French fries, melty cheese curds, and silky gravy–what could be better than Canadian poutine?
Poutine is one of those things that requires an excuse to eat.
We’re talking the massively popular comfort food that is Canada’s answer to mac and cheese. There isn’t an easy way to rationalize a dish that includes French fries, gravy, and cheese curds.
Unless, maybe, you’ve been skiing all day.
Poutine comes from Quebec, a scarf culture that has yet to embrace the idea of full face covering against the cold, a place where -30⁰ temperatures in winter are a way of life. You NEED fuel in those conditions. Or anyplace else with that kind of weather.
Enter Northwest Voyageur Bistro at Sun Peaks Resort in British Columbia, Canada. It’s a tiny cafe with hardly a dozen tables, but if you’re looking to bolster your inner heat lamp when it’s freezing outside, you can hardly do better.
A former wilderness guide, owner Kevin Tessier, started adding authentic Voyageur cuisine to his tours. It was all based on what folks ate during fur trade days (bison, berries, cedar plank salmon, lots of maple syrup). His meals were wildly popular and this whole concept found a home in his restaurant.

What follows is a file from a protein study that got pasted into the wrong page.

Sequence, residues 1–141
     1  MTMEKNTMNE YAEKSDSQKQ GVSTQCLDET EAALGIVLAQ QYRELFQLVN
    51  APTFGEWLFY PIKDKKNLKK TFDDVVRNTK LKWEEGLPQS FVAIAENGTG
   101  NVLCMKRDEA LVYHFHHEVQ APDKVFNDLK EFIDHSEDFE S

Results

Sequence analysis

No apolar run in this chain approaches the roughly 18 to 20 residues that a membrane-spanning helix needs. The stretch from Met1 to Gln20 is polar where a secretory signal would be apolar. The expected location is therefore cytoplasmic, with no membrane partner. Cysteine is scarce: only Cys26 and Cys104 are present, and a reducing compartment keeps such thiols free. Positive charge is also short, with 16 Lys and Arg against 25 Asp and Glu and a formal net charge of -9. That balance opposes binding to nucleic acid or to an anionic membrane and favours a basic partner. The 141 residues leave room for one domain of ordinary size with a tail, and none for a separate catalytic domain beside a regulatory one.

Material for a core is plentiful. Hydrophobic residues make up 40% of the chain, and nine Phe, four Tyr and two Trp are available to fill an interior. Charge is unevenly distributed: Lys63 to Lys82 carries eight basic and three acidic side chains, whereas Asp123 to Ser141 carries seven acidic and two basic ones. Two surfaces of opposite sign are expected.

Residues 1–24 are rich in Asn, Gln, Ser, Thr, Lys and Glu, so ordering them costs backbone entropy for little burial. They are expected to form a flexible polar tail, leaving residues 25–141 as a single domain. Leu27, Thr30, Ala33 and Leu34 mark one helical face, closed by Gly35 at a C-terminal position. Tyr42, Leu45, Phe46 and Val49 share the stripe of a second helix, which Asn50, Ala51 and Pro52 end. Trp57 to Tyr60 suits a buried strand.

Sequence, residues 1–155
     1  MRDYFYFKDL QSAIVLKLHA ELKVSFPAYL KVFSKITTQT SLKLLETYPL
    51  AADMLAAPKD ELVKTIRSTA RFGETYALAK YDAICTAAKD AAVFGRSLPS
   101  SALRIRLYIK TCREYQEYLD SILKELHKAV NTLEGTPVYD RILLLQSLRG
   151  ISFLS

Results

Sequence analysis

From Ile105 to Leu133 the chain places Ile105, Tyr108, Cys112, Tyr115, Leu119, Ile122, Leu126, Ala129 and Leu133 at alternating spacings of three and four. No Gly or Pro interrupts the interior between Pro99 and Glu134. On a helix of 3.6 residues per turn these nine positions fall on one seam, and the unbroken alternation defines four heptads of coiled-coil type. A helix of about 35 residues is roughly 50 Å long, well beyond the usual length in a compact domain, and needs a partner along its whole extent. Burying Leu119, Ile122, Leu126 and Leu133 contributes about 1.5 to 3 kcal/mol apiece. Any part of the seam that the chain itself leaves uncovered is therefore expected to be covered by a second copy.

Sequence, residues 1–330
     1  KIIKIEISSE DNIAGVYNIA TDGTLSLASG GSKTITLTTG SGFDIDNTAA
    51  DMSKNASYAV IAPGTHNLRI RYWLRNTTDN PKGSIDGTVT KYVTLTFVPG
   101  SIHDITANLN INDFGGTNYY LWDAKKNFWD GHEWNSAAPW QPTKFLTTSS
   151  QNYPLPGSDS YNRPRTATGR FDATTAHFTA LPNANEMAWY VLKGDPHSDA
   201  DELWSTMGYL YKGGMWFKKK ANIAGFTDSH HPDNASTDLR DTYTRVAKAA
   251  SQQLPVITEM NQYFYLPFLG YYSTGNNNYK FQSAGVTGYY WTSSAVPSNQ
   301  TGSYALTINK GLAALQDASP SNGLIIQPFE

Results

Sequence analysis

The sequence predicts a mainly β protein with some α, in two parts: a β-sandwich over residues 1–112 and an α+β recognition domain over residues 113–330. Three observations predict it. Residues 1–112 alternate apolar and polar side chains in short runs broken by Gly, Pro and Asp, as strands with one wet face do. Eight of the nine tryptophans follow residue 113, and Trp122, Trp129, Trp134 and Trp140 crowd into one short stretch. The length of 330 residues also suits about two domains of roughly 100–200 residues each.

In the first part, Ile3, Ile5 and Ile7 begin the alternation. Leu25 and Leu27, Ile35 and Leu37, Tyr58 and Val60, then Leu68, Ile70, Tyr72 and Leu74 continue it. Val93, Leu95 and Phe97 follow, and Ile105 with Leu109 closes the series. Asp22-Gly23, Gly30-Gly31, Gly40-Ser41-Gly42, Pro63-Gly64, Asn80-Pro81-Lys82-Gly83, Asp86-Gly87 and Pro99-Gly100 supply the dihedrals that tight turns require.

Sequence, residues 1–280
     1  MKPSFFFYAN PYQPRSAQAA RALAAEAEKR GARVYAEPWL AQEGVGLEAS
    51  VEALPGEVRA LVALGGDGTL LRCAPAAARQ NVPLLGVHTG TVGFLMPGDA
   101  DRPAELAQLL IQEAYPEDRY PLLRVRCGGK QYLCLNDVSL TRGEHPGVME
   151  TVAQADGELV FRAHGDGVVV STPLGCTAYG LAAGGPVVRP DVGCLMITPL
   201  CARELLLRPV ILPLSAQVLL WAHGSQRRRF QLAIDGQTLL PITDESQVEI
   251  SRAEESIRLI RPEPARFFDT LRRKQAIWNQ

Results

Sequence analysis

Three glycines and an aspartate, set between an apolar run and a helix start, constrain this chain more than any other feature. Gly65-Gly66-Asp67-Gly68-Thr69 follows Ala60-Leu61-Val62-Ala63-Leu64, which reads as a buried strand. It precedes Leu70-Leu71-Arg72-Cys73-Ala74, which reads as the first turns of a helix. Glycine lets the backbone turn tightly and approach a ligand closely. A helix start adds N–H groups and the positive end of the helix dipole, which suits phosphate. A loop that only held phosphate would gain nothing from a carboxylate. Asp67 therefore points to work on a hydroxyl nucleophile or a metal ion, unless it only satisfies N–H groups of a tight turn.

As for poutine, one often-cited tale is that Fernand Lachance, from Warwick, Quebec, invented it there in 1957. Lachance is said to have exclaimed, “Ca va faire une maudite poutine” (“it will make a damn mess” in French slang), hence the name. The sauce was allegedly added later, to keep the fries warm longer. Over time, the dish’s popularity spread across the province and, later, throughout Canada. Today, it’s a Canadian culinary icon.
Of course, I had to try Kevin’s poutine, which is made with real (he stressed that point) locally made cheese curds and fries and topped with his own special gravy, which includes drippings from beef, pork, and turkey. His secret ingredient is apples.
The final extra yummy product … mind you, I had skied 25,000 vertical feet that day and was truly READY… was a mouth wateringly meaty dish, rich with a hint of sweet from the apples and interspersed with chewy, tangy cheese.
I was forking my way through when a local sat down on the bar stool next to me.
“Caesar,” he said.
I started to pay attention when the drink took its final form and immediately ordered one for myself.
A Caesar is basically a bloody Mary with an attitude, but Kevin’s Caesar is something very special: first into a tall glass rimmed with celery salt, his barman put the ice, then a shot of smoked salmon-infused vodka (they make this themselves), followed by squirts of tabasco sauce, Worcestershire sauce, a touch of horseradish and, finally, Clamato juice. It’s all topped with a skewer of assorted pickled or roasted vegetables, a chunk of First Nations-caught sockeye salmon, sometimes a chunk of cheese curd, and maybe a couple of sprigs of pickled asparagus.
Yes, this makes a fine dinner. – by Yvette Cardozo, RFT Ski & Dive Editor www.voyageurbistro.ca
Want to know how Yvette justified all those calories? Read her “Ski Sisters” story.
Here are more a few more cool stories by Yvette Cardozo: